They were very good friends, Fatima and Martha. They used to share everything with each other, from school to family issues.
Later on though, after more than 10 years of friendship, things started to change.
Martha’s parents began to give her a brand new mobile phone every Christmas, even though it always cost so much money and she was only in her teens. Fatima realised that slowly but surely her best friend was shifting to another group of people; one that she did not belong to, that cared more about money and cool gadgets, and had less time for innocent ice cream dates.
Martha was good with mobile phones. She taught Fatima how to use them and how to connect with fellow students through them. All the messaging back and forth made them giggle.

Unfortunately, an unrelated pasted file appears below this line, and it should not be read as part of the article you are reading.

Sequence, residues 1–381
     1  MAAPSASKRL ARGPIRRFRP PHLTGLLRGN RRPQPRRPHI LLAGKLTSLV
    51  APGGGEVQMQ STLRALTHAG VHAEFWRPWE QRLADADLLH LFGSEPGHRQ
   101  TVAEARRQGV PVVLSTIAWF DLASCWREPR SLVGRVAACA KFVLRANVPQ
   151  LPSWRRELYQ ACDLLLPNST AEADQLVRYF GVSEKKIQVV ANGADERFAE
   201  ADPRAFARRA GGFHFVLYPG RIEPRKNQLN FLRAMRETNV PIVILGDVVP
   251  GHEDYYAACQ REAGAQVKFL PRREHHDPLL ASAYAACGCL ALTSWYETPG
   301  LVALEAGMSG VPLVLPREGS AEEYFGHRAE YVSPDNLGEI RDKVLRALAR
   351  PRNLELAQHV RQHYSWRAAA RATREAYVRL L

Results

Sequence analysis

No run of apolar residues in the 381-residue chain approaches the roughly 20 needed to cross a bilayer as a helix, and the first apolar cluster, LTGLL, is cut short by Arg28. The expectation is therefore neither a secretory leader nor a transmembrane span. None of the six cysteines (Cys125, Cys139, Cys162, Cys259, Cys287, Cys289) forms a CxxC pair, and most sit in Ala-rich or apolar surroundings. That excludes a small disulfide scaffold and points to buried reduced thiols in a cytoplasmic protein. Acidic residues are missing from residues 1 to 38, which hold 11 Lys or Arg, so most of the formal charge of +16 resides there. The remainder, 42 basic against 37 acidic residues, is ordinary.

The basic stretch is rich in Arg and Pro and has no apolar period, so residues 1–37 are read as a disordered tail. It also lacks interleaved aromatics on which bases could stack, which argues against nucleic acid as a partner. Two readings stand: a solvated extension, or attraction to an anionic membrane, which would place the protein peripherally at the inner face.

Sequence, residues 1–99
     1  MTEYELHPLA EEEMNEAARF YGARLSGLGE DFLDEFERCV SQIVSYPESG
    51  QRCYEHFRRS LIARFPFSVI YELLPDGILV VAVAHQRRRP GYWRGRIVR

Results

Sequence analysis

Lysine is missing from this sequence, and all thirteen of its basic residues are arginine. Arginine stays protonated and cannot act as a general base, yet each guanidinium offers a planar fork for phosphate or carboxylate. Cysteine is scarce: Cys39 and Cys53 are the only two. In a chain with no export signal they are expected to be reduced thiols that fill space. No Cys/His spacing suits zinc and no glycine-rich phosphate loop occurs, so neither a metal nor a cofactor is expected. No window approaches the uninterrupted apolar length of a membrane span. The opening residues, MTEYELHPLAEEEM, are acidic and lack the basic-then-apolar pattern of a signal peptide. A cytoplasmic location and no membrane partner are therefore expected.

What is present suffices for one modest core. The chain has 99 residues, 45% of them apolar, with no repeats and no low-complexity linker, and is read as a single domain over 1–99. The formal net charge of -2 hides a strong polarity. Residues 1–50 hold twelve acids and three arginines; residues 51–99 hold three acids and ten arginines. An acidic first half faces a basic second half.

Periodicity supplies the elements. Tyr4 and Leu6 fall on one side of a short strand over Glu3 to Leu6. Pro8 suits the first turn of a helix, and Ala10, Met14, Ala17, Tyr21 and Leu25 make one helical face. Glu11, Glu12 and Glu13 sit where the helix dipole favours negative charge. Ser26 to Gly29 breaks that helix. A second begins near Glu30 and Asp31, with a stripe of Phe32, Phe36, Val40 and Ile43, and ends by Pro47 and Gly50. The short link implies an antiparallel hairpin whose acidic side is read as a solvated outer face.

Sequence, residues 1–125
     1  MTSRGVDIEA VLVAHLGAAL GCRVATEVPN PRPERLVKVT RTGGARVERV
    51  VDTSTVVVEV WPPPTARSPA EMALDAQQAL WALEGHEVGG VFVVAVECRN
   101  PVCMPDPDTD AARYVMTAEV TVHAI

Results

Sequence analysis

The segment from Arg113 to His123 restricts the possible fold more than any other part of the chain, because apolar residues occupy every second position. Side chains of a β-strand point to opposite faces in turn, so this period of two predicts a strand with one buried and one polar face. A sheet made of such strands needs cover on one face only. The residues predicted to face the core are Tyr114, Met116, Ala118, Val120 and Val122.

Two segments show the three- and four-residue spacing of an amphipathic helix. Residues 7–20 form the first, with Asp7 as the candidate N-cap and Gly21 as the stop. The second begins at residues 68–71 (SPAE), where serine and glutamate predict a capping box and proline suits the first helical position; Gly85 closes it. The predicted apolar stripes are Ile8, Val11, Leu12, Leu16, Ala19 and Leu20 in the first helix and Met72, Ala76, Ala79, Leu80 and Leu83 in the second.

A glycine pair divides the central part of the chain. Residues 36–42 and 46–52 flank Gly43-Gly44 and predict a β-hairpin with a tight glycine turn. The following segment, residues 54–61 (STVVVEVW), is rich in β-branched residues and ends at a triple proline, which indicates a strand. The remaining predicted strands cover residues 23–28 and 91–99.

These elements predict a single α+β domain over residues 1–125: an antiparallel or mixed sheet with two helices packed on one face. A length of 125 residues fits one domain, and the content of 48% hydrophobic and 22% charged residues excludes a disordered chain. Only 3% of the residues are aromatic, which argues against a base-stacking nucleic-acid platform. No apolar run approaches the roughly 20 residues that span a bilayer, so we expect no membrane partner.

One day, however, things got out of hand. Fatima wanted to try messaging by herself, just to have a bit of fun. She secretly took her friend’s phone and, whilst pretending to be Martha, sent a text message to their school senior Ben.
Ben only replied with a
Martha managed to get her phone back and read everything. She could not believe in her eyes.
And Fatima never got over the embarrassment. Not at least until Martha heard of her last, a couple of months later.
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Emojis (or emoticons, in general) are nowadays a vital part of people’s speech.
They determine – or basically replace! – our tone of voice and in many situations put our words in the exact context we want to.
How important are emoticons? Could you go through a whole day without using them? Maybe you could. But the majority of us cannot.